Train Wreck

Published by Saint Vincent Archabbey Public Relations on

Wimmer Wednesday. Recently I went to Kansas on a visitation and came near to arriving either injured or dead. Twenty-nine miles from Steubenville all coaches without exception leapt over a 65 foot embankment. The baggage cars went into a thousand pieces. The sleeping coaches were burnt. Our coach, the next to the last, was burning also, but the fire was extinguished, and–wonderful to say!–only one man had a broken arm and two others received less serious injuries. All the others escaped with minor wounds. At first, I felt nothing at all, but afterwards (and now) it feels as if I slammed my forehead quite hard against something. My left hip and shoulder are also affected. Brother Franz, who was with me, also received minor injuries to his feet and back. Because the cliff was not only very high but also very steep, we all fell head over heels on top of each other, i.e., we were in a heap from the floor to the ceiling. Yet the coach did not turn over twice. That is, it did not roll. Otherwise, it would have broken, and then many would have been seriously injured or even killed.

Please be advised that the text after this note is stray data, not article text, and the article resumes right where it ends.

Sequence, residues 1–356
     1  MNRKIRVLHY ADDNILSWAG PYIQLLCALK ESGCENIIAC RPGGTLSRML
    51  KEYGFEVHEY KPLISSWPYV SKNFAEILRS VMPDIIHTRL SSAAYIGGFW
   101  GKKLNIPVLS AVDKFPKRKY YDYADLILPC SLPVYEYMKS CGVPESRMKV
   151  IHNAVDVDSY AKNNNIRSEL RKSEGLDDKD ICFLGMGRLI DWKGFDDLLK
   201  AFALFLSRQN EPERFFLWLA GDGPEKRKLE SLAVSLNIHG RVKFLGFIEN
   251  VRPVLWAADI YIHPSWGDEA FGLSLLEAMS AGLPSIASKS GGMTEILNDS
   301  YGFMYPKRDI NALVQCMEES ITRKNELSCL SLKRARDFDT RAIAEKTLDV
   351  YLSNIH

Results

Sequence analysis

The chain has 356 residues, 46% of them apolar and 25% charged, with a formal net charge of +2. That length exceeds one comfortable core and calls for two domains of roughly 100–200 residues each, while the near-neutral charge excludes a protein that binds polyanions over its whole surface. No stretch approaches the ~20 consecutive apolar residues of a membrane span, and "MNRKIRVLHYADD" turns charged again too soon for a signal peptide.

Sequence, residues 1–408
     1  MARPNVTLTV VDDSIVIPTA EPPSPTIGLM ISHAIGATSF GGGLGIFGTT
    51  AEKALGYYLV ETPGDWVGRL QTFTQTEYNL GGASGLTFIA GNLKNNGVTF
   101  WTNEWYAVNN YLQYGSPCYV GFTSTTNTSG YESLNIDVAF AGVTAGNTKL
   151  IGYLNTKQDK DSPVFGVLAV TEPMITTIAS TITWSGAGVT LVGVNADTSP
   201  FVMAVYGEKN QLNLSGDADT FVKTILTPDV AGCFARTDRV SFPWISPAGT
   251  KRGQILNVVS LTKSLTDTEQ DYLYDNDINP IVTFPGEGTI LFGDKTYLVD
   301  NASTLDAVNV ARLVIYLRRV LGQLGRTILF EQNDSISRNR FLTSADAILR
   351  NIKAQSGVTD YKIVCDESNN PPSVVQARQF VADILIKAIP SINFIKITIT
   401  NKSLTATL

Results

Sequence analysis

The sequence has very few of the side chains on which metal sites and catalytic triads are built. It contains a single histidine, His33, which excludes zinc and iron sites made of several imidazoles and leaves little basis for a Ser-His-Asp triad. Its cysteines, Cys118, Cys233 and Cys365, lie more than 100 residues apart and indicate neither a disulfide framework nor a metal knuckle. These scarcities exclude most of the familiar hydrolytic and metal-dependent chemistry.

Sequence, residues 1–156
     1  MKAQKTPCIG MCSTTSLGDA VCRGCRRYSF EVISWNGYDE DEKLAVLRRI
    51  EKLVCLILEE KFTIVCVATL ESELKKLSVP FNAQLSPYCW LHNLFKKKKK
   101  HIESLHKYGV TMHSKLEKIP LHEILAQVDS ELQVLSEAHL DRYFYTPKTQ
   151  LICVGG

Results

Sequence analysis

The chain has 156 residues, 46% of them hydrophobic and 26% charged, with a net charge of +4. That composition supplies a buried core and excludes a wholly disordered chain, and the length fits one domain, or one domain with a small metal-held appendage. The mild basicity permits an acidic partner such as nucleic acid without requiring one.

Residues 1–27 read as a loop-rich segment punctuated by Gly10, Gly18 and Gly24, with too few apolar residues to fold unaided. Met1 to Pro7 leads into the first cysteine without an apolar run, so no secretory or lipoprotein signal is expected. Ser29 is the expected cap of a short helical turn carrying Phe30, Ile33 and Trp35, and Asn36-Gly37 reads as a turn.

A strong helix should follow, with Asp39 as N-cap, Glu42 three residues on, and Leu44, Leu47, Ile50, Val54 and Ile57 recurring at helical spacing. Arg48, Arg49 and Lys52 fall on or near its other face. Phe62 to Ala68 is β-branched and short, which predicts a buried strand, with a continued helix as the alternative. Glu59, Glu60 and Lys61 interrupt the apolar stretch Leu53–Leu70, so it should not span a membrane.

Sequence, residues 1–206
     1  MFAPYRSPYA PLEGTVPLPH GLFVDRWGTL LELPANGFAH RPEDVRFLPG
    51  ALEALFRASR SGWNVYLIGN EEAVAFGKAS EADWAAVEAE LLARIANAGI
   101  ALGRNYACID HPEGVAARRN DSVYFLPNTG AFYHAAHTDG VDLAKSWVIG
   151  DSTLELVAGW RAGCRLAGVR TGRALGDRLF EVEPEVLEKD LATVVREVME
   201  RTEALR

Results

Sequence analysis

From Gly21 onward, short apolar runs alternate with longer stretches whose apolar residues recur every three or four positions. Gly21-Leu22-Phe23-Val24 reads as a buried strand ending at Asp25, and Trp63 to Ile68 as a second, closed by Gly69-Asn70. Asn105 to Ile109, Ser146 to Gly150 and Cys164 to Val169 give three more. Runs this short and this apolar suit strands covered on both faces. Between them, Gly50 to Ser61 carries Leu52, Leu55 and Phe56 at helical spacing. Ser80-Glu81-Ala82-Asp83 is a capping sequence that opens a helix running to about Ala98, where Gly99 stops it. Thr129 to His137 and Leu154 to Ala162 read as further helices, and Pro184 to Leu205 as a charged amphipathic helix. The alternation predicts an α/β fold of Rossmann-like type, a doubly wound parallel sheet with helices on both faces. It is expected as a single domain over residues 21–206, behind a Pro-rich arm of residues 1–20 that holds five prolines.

This happened about 7:30 pm, after we had our supper in Cadis Junction. There I heard from the innkeeper that the morning train had left the track several miles back from the junction. All the passengers received minor injuries. As we returned to the coach, I related this to the brother and thanked God that our train had arrived about seven hours late in Latrobe, or we would have been on the morning train. Then I began to pray in silence and to place us under the protection of the holy guardian angels when suddenly it went bump! bump! bump! and we, too, tumbled down into the deep ravine. The angels surely helped. Otherwise, you would perhaps not have seen me again.
After we had removed the two over-turned stoves and extinguished the flames at either end of the coach, we extricated ourselves and climbed the high and steep embankment in the hard frozen snow. Only when we looked down into the ravine and saw the wrecked coaches did we realize the danger we had escaped.
—Boniface Wimmer, Letters of An American Abbot, February 7, 1863.